Ishi bigraphy, stories - Last of Yahi people

Ishi : biography

- March 25, 1916

Ishi (ca. 1860 – March 25, 1916) was the last member of the Yahi, the last surviving group of the Yana people of the U.S. state of California. Widely acclaimed in his time as the "last wild Indian" in America, Ishi lived most of his life completely outside European American culture. At about 49 years of age, in 1911, he emerged from "the wild" near Oroville, California, leaving his ancestral homeland, present-day Tehama County, near the foothills of Lassen Peak, known to Ishi as Wa ganu p'a.

Ishi means "man" in the Yana language. The anthropologist Alfred Kroeber gave this name to the man because it was rude to ask someone's name in the Yahi culture. When asked his name, he said: "I have none, because there were no people to name me," meaning that no Yahi had ever spoken his name. He was taken in by anthropologists at the University of California, Berkeley, who both studied him and hired him as a research assistant. He lived most of his remaining five years in a university building in San Francisco.

Possibly multi-ethnic

Ishi in 1914 In 1996, M. Steven Shackley of UC Berkeley announced work based on a study of Ishi's arrowheads and those of the northern tribes. He had found that arrowheads made by Ishi were not typical of those recovered from historical Yahi sites. Because Ishi's production was more typical of arrowheads of the Nomlaki or Wintu tribes and markedly dissimilar to those of Yahi, Shackley suggested that Ishi may have been only half Yahi and of mixed ancestry, related to another of the tribes., News, University of Berkeley He based his conclusion on a comparative study of the arrowheads which Ishi made and others held by the museum from the Yahi, Nomlaki and Wintu cultures. Among Ishi's techniques was the use of what is now known in flintknapping circles as an Ishi stick, used to run long pressure flakes. As it was a traditional technique of the Nomlaki and Wintu tribes, the finding suggests Ishi may have learned the skill directly from a male relative from one of those tribes. Also small groups, they lived close to the Yahi lands and were traditional competitors and enemies of the Yahi.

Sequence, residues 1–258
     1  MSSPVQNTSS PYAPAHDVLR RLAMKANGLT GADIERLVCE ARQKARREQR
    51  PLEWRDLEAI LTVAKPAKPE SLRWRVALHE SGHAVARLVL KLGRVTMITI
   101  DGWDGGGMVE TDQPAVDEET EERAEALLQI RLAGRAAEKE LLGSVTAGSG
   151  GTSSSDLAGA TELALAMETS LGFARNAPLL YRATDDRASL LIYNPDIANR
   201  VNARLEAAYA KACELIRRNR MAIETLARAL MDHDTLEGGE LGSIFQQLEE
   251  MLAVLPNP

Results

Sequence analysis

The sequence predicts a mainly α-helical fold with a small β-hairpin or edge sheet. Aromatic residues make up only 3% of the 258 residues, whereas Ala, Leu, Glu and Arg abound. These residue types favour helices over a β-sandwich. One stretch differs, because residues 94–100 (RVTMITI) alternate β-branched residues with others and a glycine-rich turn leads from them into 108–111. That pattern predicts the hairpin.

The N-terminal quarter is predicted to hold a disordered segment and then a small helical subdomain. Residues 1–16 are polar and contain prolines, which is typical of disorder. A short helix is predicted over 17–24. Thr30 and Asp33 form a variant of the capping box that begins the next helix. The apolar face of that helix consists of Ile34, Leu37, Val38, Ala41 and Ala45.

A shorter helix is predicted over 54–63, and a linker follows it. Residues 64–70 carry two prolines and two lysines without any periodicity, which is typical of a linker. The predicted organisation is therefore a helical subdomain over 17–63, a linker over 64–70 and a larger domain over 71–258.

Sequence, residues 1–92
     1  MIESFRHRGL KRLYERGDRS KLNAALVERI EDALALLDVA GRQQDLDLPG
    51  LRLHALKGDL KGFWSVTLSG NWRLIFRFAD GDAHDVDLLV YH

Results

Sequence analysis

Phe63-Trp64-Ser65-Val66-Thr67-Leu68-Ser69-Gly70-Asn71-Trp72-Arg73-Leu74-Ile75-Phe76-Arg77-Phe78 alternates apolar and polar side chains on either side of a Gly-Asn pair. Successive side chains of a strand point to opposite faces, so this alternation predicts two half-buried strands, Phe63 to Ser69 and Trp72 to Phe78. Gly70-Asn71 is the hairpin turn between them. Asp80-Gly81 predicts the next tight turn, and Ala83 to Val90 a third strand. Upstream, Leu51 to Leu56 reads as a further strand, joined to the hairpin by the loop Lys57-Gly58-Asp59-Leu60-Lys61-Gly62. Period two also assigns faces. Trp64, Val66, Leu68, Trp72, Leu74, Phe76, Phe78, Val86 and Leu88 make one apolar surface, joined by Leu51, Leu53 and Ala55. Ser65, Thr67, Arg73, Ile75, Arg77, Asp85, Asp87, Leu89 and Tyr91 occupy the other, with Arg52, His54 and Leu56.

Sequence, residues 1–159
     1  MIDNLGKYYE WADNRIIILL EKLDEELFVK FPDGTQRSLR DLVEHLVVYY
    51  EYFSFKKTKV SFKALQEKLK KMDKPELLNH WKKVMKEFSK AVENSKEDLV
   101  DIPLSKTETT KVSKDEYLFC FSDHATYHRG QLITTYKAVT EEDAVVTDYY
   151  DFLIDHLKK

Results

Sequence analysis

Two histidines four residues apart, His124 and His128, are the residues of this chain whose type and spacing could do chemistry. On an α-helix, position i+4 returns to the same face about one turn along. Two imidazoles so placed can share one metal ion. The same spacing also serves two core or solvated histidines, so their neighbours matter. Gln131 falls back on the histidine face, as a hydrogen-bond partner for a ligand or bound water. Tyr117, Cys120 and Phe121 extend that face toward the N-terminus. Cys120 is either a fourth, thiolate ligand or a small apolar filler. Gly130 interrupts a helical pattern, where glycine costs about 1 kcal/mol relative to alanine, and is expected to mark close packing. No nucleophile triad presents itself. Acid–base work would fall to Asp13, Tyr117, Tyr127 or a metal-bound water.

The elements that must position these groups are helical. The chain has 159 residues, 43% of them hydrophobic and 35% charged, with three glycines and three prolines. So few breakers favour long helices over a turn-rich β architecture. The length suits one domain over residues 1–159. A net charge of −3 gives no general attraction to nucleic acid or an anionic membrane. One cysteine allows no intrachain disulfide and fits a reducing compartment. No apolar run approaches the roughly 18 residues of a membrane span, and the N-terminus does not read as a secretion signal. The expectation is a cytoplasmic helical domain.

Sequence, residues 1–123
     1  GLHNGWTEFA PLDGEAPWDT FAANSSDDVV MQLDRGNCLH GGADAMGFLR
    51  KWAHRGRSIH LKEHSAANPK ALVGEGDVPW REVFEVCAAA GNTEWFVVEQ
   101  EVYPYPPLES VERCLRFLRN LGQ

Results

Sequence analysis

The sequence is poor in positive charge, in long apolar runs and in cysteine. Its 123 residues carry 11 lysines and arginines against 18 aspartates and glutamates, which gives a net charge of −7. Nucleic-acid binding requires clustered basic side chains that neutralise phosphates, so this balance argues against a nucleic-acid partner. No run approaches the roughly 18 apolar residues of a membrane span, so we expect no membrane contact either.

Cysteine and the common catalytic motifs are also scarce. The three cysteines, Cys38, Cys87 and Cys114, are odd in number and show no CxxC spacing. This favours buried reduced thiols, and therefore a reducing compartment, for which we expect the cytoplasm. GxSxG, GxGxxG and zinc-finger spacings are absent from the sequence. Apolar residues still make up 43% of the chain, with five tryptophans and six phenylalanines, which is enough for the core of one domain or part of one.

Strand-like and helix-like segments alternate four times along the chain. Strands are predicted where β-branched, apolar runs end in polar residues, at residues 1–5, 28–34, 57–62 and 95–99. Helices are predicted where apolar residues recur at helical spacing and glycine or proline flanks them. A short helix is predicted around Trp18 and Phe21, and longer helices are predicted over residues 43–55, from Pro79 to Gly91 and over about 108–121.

In 1994, Shackley had heard a paper by Jerald Johnson, who noted morphological evidence that Ishi's facial features and height were more typical of the Wintu and Maidu. He theorized that under pressure of diminishing populations, members of groups that were once enemies may have intermarried to survive. To further support this, Johnson presented oral histories from the Wintu and Maidu that told of the tribes' intermarrying with the Yahi. The debate on this has not been definitively settled, however, and the possibility of establishing the circumstances of his birth probably died with him.


Yahi population

Prior to the California Gold Rush of 1848–1855, the Yahi population numbered approximately 400 in California, but the total Yana people numbered about 3,000., accessed Jan 14, 2011 The gold rush brought tens of thousands of miners and settlers to northern California, putting pressure on native populations. Gold mining damaged water supplies and killed fish; the deer left the area. The settlers brought new diseases such as smallpox and measles."" The northern Yana group became extinct and the central and southern groups and Yahi populations dropped dramatically. Searching for food, they came into conflict with settlers, leading to bounties on the natives by the settlers. Prices included 50 cents per scalp and 5 dollars per head. In 1865, 17 men surrounded and executed 50 Yahi Indians while they slept in bed.

Birth and early life

Ishi is estimated to have been born between 1860 and 1862. In 1865, when he was a young boy, Ishi and his family were attacked in the Three Knolls Massacre, in which 40 of their tribesmen were killed. Approximately 30 Yahi survived to escape, but shortly after cattlemen killed about half of the survivors. The last survivors, including Ishi and his family, went into hiding for the next 40 years, and their tribe was popularly believed to be extinct.

Living octopus

Living octopus

In countries which are located near sea coasts, sea food is an important part of national cuisine